I'll have a play with the PQ feature to my phone though, but I'm not sure what benifits I'll get from them yet, until I actually get a GPSr which can handle PQ's. I'll probably be asking GPSr relate questions if I bump into any of you at the Cotswold Water Park meet up.


Offline Gackt

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Re: The demise of the GPS receiver
« Reply #22 on: October 25, 2013, 08:53:06 pm »
You can have an offline map layer by just downloading and saving one of the free maps from the link in my last post to your phone. They're not great for rural caching, but they are better than no map, and no data charge because they are off line obviously.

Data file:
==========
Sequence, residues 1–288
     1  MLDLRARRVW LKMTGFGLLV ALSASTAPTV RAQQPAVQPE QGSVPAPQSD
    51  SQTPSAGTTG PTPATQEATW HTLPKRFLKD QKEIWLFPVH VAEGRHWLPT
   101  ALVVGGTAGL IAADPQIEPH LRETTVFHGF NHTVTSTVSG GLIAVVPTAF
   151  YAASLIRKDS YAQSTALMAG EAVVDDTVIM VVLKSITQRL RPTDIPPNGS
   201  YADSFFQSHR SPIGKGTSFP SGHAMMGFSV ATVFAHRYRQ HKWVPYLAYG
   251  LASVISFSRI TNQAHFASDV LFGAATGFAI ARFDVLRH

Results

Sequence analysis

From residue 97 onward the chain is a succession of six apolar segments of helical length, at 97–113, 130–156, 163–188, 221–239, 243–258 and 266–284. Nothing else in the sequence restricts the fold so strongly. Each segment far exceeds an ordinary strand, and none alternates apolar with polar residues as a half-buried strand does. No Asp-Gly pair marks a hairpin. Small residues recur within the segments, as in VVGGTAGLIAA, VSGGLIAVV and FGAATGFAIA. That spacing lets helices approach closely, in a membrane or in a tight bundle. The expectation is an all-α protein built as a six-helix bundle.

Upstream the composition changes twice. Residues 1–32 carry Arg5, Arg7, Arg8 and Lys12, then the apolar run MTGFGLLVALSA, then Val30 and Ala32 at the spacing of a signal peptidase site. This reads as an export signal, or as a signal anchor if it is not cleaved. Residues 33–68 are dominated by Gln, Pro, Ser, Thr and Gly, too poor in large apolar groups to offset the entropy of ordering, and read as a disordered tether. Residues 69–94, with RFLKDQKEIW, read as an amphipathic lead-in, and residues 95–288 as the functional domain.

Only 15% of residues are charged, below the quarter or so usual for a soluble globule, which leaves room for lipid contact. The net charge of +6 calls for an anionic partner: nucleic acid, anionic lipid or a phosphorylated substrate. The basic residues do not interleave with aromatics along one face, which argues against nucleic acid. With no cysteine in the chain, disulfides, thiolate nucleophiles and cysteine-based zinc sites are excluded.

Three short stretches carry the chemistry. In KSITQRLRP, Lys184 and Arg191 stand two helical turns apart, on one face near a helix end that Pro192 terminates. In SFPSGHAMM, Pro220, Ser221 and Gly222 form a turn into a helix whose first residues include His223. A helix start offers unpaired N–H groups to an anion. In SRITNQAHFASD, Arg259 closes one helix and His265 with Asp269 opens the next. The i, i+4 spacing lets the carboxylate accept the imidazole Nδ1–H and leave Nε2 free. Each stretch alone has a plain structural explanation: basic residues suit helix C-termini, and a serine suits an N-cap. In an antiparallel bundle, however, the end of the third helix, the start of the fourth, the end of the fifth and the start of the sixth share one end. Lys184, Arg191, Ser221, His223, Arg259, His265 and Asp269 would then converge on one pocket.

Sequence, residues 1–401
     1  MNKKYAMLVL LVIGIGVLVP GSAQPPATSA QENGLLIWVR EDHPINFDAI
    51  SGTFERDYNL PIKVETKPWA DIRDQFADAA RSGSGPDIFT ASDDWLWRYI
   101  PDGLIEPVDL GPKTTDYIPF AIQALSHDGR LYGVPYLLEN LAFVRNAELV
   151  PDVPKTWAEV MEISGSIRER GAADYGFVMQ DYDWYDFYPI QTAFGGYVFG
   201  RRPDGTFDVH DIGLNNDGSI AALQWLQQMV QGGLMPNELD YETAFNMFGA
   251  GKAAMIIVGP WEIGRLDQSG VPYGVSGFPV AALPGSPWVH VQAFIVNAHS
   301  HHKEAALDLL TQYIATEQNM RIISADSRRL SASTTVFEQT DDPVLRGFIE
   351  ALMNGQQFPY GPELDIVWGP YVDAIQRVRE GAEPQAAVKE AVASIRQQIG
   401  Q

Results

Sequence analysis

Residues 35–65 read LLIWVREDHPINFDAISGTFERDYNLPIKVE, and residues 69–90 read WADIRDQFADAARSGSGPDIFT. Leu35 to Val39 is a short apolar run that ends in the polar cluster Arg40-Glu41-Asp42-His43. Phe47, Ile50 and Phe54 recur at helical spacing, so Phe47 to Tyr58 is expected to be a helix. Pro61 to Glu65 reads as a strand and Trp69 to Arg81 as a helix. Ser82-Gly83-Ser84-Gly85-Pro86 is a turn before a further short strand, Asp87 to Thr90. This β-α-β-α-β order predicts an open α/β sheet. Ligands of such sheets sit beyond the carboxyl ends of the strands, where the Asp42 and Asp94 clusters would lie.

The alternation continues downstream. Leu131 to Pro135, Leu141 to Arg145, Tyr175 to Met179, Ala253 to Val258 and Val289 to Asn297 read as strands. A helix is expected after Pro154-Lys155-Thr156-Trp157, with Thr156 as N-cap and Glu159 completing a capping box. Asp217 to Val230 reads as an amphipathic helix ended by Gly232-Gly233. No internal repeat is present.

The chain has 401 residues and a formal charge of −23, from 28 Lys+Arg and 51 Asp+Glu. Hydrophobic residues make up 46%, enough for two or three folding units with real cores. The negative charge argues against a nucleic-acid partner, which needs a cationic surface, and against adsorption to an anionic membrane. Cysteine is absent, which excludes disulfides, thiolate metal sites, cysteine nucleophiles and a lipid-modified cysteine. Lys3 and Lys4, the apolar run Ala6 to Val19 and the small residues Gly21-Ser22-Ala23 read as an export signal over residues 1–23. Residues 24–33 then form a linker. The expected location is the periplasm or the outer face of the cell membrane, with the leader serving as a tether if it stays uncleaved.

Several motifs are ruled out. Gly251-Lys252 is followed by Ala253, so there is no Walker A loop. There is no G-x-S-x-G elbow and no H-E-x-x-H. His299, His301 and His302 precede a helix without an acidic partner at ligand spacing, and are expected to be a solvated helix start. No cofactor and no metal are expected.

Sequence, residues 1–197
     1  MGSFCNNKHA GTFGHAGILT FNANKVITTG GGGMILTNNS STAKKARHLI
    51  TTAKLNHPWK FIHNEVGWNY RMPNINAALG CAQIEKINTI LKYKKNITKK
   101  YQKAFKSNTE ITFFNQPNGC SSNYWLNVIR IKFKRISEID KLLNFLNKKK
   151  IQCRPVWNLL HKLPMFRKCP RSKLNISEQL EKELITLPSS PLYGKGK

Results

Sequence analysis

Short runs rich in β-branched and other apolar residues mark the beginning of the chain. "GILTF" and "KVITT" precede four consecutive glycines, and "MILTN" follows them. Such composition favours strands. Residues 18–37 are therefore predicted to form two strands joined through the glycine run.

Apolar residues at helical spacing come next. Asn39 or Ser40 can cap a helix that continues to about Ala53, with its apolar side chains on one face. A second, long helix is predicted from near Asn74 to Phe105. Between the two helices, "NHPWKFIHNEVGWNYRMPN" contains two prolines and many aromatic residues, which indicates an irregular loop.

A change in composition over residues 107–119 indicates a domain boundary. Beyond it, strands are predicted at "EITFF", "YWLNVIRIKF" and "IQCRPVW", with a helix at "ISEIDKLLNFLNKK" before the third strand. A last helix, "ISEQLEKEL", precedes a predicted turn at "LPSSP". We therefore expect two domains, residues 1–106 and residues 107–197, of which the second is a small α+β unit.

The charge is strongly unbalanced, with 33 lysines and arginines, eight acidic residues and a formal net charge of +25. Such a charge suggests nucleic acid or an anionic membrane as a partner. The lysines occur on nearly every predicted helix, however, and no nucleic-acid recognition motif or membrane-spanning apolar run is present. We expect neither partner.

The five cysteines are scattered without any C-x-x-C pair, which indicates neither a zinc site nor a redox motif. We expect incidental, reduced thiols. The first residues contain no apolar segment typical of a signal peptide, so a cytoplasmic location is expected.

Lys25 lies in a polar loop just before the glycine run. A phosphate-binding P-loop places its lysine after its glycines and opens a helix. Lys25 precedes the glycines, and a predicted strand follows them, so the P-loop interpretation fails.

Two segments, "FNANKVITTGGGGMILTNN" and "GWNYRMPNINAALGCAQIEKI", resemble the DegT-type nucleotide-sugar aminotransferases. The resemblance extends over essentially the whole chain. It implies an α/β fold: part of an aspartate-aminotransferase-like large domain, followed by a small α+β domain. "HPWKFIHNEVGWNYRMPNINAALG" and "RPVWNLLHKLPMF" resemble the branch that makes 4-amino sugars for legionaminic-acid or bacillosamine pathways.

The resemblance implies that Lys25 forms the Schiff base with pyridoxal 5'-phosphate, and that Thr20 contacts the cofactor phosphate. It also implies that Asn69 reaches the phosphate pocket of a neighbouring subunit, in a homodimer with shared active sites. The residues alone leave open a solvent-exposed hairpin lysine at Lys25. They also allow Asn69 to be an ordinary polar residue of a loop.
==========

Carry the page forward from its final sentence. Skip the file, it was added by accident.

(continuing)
You don't need memory map. Though if we can make it work with c:geo and you don't mind spending some money, I think the maps would be a lot better.

See attached screen shot of the free england map working with c:geo.


Edited to add, I could create a few users guides for here on this subject, but if wanted it wouldn't be for a week or so. If you get to the event at the water park I can show you how I have set my phone up with these maps.
« Last Edit: October 25, 2013, 08:55:32 pm by SangueG »

Offline SidAndBob

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Re: The demise of the GPS receiver
« Reply #23 on: October 27, 2013, 10:10:05 pm »
Just joined up to make a couple of points on this thread. ;)